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Sales Management Myths: Straight Commission
By Dave Kahle, The Growth Coach®

It's the unfortunate truth that, except for the five percenters of the world, straight commission is not the most desirable compensation strategy.

I had just hung up from a phone conversation with one of my clients. He was commiserating with me on the sorry state of his sales force. He had a group of seasoned, experienced salespeople, each of whom was making a good income on a 100% commission compensation plan. The problem was he couldn't get them to promote new products or seek new customers. They were content to stay within their comfort zones of established customers and familiar products.

That contentment is more typical than most of us are willing to admit. Many distributor sales managers and principals continue to strive under the myth that sales people are forever motivated to sell ever larger quantities. And we attribute much of that motivation to the 100% commission compensation plan.

Unfortunately, straight commission plans rarely motivate an established sales force to sell more!

The problem is that there is a bit of truth in the idea that 100% commission pay plans motivate sales people. Straight commission plans do encourage new salespeople to strive for greater sales. Until, that is, they reach a level of income at which they are comfortable. Then the incredible power of ingrained habit and the allure of comfort take over, and most of them plateau.

And, straight commission programs do reward certain salespeople -- the top 5% of any workforce -- to continually press for greater levels of achievement. But these are salespeople who are driven by the need to achieve. They will seek higher levels of performance no matter what the compensation plan.

Having just identified the exceptions, I'm convinced that the rule is the problem. And the rule is this: For all but the new and the internally driven salespeople, straight commission plans merely reward the content sales person to maintain the status quo.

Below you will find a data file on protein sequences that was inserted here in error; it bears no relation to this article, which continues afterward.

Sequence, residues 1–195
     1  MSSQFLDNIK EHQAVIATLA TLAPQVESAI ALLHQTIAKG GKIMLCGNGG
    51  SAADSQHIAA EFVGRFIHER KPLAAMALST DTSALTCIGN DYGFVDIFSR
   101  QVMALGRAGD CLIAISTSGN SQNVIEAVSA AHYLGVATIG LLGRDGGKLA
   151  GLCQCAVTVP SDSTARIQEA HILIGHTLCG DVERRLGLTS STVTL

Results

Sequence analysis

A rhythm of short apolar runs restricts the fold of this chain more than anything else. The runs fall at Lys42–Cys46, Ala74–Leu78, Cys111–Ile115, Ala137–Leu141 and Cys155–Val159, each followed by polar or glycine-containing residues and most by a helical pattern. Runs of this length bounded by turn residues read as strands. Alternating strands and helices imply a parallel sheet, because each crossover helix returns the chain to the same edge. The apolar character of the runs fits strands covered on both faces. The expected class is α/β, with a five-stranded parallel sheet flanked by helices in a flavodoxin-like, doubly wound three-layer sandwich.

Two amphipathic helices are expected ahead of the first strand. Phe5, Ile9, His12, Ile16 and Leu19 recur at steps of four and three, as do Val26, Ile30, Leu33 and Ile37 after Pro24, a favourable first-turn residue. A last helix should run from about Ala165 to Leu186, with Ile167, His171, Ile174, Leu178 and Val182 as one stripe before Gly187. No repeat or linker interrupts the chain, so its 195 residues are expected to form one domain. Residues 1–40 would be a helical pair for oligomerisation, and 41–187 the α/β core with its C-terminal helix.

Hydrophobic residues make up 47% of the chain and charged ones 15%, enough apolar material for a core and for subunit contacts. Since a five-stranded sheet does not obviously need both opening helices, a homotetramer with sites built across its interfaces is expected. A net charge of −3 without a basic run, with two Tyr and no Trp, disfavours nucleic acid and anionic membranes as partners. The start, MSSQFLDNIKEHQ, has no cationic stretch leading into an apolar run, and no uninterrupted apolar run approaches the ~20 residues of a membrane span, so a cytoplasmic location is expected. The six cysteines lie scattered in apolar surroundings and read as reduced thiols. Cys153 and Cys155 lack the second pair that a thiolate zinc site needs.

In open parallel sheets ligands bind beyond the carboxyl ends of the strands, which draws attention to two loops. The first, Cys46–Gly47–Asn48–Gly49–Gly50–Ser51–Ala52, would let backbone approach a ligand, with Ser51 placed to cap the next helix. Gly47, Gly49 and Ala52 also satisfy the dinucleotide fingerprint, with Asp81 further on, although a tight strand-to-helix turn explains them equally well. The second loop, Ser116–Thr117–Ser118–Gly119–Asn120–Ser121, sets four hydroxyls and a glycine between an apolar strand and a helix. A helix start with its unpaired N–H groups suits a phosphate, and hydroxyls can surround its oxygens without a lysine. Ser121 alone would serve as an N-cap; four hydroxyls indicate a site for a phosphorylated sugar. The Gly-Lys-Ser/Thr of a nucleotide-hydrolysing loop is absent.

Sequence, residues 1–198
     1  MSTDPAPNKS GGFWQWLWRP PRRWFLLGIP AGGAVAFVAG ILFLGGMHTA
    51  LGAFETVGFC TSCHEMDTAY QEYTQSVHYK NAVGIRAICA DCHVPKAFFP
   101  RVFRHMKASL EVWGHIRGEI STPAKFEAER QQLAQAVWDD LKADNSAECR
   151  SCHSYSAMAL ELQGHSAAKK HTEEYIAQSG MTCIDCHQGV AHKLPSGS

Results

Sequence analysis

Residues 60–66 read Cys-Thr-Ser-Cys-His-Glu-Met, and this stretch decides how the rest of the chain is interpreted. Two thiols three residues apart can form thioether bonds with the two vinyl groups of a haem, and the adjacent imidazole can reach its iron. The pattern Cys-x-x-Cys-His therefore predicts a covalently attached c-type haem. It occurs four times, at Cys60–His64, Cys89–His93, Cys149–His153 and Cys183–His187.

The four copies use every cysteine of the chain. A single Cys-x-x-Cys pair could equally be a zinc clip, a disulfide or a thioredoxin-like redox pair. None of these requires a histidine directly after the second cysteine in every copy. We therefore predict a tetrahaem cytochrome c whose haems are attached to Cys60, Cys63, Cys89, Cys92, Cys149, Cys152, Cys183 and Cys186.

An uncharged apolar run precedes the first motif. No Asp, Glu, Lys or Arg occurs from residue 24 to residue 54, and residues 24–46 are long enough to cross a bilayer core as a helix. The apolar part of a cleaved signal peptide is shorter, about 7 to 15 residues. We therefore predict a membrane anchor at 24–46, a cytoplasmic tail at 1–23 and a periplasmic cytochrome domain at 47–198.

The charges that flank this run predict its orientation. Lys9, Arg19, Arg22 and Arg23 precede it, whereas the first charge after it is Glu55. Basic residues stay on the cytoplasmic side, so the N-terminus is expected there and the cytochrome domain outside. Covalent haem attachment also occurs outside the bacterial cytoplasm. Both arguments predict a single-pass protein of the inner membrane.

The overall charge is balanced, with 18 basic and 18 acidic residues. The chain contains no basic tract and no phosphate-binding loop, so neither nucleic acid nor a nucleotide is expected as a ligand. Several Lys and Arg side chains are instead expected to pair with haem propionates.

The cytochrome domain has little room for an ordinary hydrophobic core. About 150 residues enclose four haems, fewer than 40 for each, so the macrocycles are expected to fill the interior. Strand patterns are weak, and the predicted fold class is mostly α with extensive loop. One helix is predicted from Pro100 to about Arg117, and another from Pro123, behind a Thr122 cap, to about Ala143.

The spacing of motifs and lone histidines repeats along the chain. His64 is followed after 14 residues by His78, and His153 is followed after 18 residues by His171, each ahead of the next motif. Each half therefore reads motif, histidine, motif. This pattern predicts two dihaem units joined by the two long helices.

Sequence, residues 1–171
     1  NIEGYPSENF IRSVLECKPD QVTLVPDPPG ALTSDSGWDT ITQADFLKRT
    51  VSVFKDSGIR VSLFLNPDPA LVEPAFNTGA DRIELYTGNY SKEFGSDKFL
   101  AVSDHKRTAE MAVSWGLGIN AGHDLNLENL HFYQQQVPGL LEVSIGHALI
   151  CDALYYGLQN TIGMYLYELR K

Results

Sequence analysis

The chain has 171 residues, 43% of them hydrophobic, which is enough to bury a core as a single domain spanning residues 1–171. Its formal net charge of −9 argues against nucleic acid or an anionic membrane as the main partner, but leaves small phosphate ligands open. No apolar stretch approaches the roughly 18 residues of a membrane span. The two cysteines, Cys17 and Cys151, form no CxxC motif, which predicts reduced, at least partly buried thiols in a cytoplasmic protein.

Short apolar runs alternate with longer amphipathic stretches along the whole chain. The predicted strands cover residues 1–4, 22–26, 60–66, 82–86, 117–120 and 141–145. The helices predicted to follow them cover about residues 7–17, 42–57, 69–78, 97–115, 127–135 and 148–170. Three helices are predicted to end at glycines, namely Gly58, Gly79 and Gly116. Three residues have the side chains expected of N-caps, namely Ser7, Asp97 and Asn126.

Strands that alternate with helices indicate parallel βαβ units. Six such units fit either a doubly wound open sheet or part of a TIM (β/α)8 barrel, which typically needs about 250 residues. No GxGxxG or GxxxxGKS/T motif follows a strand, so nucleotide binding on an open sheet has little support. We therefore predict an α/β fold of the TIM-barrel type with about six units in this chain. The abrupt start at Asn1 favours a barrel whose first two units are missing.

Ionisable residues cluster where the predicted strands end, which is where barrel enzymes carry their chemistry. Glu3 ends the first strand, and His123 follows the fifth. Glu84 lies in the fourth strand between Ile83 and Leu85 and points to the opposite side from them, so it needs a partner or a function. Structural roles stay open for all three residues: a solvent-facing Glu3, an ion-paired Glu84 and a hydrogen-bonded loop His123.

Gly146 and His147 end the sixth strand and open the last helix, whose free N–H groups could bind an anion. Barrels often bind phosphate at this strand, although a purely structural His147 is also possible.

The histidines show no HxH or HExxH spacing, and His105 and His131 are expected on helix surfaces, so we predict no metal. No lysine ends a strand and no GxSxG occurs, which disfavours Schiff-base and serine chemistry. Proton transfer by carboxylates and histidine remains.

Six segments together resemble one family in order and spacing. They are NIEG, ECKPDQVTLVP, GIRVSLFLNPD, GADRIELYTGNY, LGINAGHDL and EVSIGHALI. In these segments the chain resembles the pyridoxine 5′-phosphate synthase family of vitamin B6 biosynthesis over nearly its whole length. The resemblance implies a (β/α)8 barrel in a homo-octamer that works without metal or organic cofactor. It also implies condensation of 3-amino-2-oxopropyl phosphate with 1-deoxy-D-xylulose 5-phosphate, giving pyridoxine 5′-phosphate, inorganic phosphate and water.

Upon a little reflection, you will probably agree with this. Just look around at your sales force. If you are paying them 100% commission, you'll have a significant majority of them who have become content and complacent at their income levels.

These 100% commission plans also generate certain other additional problems. There is the issue of "directability" for example. "Directability" is that characteristic of a sales force such that, when you give them a direction, they can be reliably counted on to follow it.

We, of course, expect

Dave Kahle ( ) is a consultant and trainer who helps his clients increase their sales and improve their sales productivity. He speaks from real world experience, having been the number one salesperson in the country for two companies in two distinct industries. Dave has trained thousands of salespeople to be more successful in the Information Age economy. He's the author of over 500 articles, a weekly ezine, and five books. His latest is 10 Secrets of Time Management for Salespeople.

He has a gift for creating powerful training events that get audiences thinking differently about sales.  Dave Kahle's "Thinking About Sales" Ezine features content-filled motivating articles, practical tips for immediate improvements, and helpful tips to help increase sales. Join on-line at

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